This is a stand alone system but I did try to manage the IRQ by disabling several unused port on the mobo. Here are two screen shots (one , two ) of IRQ and Conflict from Systsm Information.
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post #7 of 18 Old 12-16-2006, 09:11 PM
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Your problem is the LG rom drive, it simply is not capable of pumping data out fast enough. I had stuttering playback and had the luxury of comparing with other highend systems until I determined it was my LG rom drive. The fastest drive I could find locally was an ASUS with ultra DMA interface.
Use Nero tools to check the data rate of the drive before you change it so you can compare. when I checked my asus drive it only reached 8x but is spec'd for 16x
I'm only running a Celeron 2.9GHz on a cheap Machspeed motherboard but with the ASUS drive and 1GB of DDR400 ram I get smooth playback with FFDShow processing.
Amazingly I never found any discussion regarding the DVD rom drive which I think is a key part of an HTPC.

If it's not UNIX, what is it ?
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post #8 of 18 Old 12-17-2006, 01:43 AM - Thread Starter
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That's weird cos for me, the same stuttering occurs regardless of the source (HDD/DVD-Drive)
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post #9 of 18 Old 12-17-2006, 06:55 AM
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DVD by it's very nature is only one X.

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post #10 of 18 Old 12-17-2006, 08:03 AM - Thread Starter
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I would like to add that when playing DVD, the internet and NIS2006 are disabled. I also defrag the system every week and run scan disk once a month.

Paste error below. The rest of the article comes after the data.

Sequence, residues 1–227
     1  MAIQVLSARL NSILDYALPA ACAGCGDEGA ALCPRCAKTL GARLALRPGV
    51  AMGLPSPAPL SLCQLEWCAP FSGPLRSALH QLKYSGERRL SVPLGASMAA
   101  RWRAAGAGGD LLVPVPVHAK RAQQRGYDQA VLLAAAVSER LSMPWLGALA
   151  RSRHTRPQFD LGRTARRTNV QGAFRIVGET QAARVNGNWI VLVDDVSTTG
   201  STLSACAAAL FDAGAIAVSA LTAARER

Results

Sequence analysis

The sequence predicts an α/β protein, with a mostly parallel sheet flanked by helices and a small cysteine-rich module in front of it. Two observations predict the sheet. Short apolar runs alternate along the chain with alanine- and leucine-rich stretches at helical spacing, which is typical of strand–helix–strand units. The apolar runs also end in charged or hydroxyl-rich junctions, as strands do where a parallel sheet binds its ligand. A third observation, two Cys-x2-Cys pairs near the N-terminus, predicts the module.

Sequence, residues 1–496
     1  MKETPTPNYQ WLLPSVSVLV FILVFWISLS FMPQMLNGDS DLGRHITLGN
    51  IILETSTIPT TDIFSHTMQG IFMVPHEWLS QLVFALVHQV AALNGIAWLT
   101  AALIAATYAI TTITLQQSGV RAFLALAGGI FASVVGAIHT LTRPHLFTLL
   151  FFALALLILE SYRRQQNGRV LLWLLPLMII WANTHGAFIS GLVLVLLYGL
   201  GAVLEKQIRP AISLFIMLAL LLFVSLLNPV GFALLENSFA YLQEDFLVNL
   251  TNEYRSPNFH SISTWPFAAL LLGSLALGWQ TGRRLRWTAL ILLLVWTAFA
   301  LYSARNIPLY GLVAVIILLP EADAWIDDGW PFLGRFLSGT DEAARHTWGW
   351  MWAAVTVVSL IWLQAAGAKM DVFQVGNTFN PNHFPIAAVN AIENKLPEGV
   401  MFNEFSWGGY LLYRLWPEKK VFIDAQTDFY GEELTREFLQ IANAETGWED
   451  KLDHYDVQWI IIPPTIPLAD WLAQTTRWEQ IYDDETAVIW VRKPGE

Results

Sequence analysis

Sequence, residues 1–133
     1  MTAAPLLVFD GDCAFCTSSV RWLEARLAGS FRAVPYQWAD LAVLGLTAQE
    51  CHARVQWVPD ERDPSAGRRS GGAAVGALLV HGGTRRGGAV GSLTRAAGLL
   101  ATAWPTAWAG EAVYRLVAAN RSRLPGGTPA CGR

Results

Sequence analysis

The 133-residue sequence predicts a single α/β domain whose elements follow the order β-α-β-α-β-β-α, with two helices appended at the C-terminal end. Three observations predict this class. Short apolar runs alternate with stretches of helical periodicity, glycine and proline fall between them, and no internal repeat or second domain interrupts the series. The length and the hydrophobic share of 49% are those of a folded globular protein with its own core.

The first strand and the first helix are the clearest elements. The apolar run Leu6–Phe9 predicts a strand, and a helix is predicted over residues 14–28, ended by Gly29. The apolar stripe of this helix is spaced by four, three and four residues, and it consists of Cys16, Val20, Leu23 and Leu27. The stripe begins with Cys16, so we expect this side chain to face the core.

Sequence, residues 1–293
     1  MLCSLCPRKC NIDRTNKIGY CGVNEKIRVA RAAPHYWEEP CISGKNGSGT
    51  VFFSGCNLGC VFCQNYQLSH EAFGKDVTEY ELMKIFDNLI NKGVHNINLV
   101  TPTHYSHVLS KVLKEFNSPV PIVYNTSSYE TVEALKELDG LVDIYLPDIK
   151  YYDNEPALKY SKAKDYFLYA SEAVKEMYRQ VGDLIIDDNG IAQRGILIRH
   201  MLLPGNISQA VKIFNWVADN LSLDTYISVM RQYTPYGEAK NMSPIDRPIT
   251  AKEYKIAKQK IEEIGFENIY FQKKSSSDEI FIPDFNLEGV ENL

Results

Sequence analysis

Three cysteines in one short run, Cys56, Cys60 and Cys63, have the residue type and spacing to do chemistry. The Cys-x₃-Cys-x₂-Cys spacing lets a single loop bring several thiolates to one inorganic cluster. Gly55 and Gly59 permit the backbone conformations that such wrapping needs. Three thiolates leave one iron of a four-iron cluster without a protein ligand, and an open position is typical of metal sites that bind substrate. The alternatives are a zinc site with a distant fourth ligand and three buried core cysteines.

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post #11 of 18 Old 12-17-2006, 08:58 AM
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Years ago we were all using 4x or less with standard DVDs without problems. I personally use a Sony DVD-RW with this speed - nice and quiet (no lawn mower sounds).

The standard DVD specification is as follows...

The drive motor is precisely controlled to rotate between 200 and 500 rpm, depending on which track is being read.

http://electronics.howstuffworks.com/dvd6.htm

This site states that the rotational speed of 4600 rpm (8X)

http://hypertextbook.com/facts/2003/...Montilus.shtml

Computer DVD x factor is not for watching standard DVDs, it is for other computer purposes.

If you are having studdering, I would look elsewhere before blaming it on the DVD (unless of course it is defective).

HDD is naturally not the same as standard DVD. YYMV.

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post #12 of 18 Old 12-17-2006, 09:12 AM - Thread Starter
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I don't blame my optical drives as they are new functioning correctly. It might be the IRQ or just the nature of PowerDVD and WinDVD.
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post #13 of 18 Old 12-17-2006, 10:00 AM